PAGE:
April 12th, 2018 seems like a distant memory at this point, but that is the moment that the Denver Nuggets became the lethal and dangerous team they are today.
That morning — just hours after failing to secure a playoff spot in game 82 versus the Minnesota Timberwolves — the Denver Nuggets sluggishly brought themselves back to the Pepsi Center for the ceremonial exit interviews and to clean out their lockers instead of heading off to Houston to take on the Rockets in a first-round playoff series.
As expected, most players were frustrated. Denver had just won six-straight games against playoff-caliber opponents just to give themselves an opportunity to make the playoffs. For that dream to be destroyed in overtime during the final game of the season at the hands of the team that is going to the postseason instead of them almost felt cruel, but instead of feeling sorry for themselves, the young Nuggets roster and coaching staff made a vow to never put themselves in that position again.
“We can’t drop games that we should win,” Torrey Craig explained the morning after the deflating overtime loss in Minnesota. “All those games that we lost to teams that we should have beat really came back to haunt us at the end. Losing to Phoenix at home, Atlanta at home, Memphis on the road; those are games that we should have won that eventually came back to effect us in the end.”
Frustration was an emotion that was felt by the entirety of the roster which made it an obvious and unavoidable talking point on the excruciatingly long flight back to Denver from Minnesota after being eliminated from the playoffs. No, those conversations were not enjoyable, but they were necessary to Denver taking the next step towards contention.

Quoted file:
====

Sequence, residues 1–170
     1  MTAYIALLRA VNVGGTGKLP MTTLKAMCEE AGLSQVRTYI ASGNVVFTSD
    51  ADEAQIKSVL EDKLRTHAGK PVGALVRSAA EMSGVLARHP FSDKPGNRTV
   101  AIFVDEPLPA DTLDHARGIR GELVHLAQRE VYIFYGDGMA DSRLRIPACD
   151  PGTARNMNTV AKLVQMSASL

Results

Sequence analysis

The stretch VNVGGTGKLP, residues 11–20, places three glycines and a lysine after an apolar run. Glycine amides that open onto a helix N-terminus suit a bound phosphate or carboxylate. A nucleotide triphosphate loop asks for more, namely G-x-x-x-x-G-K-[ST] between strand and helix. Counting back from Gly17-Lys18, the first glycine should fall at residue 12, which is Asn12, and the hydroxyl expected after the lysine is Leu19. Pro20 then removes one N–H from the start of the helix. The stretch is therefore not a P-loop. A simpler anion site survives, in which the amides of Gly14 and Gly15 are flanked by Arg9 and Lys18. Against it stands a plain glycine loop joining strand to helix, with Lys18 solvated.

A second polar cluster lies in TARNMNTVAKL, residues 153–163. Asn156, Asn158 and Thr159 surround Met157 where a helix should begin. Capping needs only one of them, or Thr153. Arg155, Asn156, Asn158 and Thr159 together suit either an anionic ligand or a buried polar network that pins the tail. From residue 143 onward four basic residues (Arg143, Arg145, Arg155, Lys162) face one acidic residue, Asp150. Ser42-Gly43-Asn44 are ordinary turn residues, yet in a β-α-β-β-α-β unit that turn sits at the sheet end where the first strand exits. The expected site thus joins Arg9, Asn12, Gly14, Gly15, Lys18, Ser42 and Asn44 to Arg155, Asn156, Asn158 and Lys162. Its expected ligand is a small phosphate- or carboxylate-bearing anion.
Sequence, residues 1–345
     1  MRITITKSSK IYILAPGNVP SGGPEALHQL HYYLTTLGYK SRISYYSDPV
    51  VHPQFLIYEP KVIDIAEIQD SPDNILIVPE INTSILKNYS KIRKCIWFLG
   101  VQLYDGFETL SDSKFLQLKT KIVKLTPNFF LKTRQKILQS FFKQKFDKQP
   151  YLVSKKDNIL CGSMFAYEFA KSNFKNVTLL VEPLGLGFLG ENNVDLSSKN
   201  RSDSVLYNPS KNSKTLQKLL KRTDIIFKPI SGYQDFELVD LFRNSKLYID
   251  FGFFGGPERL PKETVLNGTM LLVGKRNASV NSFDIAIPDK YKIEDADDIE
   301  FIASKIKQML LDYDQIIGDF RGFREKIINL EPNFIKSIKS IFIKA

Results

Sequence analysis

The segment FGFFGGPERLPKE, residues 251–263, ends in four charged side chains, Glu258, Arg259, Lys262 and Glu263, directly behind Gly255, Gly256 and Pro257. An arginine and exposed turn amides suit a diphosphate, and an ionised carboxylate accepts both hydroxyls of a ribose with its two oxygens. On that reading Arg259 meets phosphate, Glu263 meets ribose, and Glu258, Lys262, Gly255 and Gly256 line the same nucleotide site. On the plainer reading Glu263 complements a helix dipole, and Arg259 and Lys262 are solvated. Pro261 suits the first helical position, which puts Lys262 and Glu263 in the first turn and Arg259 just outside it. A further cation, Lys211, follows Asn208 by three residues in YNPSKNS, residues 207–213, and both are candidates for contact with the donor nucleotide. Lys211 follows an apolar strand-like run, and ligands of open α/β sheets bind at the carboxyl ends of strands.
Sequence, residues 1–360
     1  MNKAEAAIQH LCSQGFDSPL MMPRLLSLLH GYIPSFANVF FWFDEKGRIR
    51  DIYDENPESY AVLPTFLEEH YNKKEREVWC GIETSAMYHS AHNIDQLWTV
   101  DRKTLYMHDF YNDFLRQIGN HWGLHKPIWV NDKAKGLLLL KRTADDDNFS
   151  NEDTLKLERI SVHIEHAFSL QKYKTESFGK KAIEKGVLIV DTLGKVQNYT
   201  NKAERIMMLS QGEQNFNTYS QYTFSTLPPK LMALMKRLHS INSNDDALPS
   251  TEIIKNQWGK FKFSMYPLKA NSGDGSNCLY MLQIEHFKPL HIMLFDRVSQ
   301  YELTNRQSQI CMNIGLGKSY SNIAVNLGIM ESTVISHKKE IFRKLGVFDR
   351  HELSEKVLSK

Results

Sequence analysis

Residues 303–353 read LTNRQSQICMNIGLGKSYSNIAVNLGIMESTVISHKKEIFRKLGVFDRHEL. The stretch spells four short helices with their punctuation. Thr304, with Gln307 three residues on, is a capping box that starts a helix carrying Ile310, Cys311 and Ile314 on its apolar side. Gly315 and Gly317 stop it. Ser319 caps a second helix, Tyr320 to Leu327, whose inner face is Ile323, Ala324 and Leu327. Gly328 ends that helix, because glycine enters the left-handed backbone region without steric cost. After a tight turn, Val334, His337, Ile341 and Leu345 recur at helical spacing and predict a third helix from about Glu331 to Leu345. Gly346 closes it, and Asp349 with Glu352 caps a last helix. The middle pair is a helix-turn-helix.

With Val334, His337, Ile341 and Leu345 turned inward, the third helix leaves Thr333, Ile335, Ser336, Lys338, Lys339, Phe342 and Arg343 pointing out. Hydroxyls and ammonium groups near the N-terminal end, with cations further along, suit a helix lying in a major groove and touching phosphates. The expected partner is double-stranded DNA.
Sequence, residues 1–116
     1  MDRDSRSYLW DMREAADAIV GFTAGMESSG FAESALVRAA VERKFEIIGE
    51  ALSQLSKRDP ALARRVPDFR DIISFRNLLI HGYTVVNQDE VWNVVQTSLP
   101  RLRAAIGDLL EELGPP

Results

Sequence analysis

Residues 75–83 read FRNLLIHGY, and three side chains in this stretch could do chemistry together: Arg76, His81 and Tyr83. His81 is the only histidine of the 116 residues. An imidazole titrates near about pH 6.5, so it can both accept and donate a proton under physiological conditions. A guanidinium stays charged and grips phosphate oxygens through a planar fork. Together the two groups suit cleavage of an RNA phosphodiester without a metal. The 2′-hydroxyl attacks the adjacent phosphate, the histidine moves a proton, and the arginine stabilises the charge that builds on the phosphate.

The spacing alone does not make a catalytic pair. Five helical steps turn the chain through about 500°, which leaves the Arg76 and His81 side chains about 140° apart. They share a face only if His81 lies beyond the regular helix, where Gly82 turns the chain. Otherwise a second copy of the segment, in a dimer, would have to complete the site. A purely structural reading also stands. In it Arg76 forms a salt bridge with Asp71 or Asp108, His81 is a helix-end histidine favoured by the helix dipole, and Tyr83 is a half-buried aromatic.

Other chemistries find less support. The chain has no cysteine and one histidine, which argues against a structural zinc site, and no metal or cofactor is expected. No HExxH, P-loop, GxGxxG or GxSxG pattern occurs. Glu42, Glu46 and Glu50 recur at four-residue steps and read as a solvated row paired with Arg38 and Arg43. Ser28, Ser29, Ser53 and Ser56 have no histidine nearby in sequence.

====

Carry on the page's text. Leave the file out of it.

“A few of us guys talked about it after the game,” Gary Harris explained during his exit interview. “If we played like that the whole season I don’t even feel like we would have been in that position; especially dropping a few games that we know we should not have dropped that came back to haunt us; especially at the end of the season. We just have to come into next year more locked in and ready to play how we did the last seven games of the season.”
With 2017-18 now in the rear-view mirror, the Nuggets have attacked the 2018-19 season with reckless abandon and have made good on their vow. On Monday night, against the surging Boston Celtics, the Nuggets managed to escape with a gutsy road win; their 47th win of the season which also locked Denver into the Western Conference playoff picture for the first time in six years.
“It is a great feeling,” Nuggets head coach Michael Malone said. “It is four years in the making; two years in a row of coming up just shy, one game short, and using that as a motivation for tonight’s moment. I am so happy for our guys who put a lot of time and work into this, but we still have a lot of work to do.”